M997.63.257 | Health Insurance: Where the Parties Stand

Drawing, cartoon
Health Insurance: Where the Parties Stand
Normand Hudon
1962, 20th century
Ink, crayon and opaque white
35 x 28 cm
Gift of Mme Arlette Hudon
© McCord Museum
Keywords:  Cartoon (19139) , Drawing (18637) , drawing (18379) , Federal (334) , figure (1849) , group (644) , Health insurance (1) , John Diefenbaker (34) , Leaders (428) , Lester B. Pearson (54) , Liberal Party (201) , Liberal Party of Canada (243) , male (1608) , New Democratic Party (16) , Political parties (800) , Political stakes (346) , Politicians (860) , politics (10928) , Politics (1624) , Progressive Conservative Party of Canada (109) , Robert N. Thompson (6) , Social Credit Party of Canada (19) , Tommy Douglas (9) , Welfare state (29)
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Keys to History

The debate on the coming into force of a federal health insurance program aroused a range of reactions that divided Canada's main political parties.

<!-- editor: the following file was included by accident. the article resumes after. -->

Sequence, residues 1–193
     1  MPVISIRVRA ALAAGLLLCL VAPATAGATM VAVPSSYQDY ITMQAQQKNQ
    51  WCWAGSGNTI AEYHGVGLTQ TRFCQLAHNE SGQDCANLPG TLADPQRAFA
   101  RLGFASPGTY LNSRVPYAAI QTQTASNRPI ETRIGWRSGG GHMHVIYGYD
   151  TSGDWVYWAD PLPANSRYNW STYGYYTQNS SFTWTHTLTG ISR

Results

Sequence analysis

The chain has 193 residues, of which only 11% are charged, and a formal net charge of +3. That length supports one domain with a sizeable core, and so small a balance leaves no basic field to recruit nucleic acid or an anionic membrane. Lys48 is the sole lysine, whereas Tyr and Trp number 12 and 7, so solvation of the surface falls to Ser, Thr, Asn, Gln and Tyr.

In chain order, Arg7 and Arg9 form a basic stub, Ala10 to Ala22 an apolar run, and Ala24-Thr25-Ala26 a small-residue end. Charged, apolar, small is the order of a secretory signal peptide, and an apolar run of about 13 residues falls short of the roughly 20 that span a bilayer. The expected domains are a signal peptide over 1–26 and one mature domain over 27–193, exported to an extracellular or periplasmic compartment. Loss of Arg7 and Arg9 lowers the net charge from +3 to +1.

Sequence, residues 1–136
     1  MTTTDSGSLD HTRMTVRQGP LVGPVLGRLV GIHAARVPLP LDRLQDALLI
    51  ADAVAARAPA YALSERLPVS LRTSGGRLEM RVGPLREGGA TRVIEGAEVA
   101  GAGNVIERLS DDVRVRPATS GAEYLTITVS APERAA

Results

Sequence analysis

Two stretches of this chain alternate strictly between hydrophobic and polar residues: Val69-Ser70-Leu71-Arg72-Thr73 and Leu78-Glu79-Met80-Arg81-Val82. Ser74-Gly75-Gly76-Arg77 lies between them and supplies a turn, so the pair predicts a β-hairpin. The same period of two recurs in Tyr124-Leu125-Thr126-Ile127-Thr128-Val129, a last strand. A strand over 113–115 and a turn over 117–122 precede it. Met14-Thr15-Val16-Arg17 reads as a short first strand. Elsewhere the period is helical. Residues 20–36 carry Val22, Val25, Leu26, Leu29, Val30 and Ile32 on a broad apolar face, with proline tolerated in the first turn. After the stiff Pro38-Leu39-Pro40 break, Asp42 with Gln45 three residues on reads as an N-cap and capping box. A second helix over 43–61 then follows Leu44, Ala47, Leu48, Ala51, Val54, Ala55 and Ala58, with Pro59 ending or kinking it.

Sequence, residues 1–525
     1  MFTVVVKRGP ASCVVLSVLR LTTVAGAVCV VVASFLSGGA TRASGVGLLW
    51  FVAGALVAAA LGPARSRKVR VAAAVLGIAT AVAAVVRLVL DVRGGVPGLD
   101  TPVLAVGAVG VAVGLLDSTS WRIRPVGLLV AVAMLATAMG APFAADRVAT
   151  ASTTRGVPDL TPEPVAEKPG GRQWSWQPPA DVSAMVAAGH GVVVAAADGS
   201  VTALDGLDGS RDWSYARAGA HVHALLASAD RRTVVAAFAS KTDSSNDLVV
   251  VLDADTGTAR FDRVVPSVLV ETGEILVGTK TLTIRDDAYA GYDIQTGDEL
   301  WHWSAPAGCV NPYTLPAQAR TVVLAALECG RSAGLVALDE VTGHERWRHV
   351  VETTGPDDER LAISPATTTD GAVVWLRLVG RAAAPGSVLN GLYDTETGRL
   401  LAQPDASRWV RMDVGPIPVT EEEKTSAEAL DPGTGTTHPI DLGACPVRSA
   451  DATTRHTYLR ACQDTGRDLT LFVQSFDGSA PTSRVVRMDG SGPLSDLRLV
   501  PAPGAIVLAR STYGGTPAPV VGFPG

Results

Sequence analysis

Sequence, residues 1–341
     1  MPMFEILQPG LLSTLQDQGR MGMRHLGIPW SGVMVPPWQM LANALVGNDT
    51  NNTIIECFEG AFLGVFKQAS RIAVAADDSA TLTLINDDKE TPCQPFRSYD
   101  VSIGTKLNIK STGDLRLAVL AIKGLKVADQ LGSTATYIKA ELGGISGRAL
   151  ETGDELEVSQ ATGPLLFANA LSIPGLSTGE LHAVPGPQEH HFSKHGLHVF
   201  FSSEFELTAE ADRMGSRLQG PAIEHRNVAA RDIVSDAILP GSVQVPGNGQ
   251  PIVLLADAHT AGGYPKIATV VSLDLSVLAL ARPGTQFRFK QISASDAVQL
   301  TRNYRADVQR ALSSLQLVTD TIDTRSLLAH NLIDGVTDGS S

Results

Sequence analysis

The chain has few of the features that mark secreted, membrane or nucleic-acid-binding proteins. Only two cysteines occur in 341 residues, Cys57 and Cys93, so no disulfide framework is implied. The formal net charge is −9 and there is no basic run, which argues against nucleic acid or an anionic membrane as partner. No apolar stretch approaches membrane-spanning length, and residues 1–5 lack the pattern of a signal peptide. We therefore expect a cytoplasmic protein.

• What

    While three federal political parties (NDP, Liberals, Social Credit) agreed on the principle of a health insurance program, but not on how to implement it, the Progressive Conservative Party clearly preferred to remain cautiously non-committal.

  • Where

    The House of Commons, in the Parliament Buildings in Ottawa, is where the main political debates take place.

  • When

    The debate on the federal health insurance program was a major political issue in the 1960s.

  • Who

    The leaders of the four main federal political parties (Tommy Douglas, Lester B. Pearson, Robert Thompson and John Diefenbaker) stated their respective positions on the health insurance program.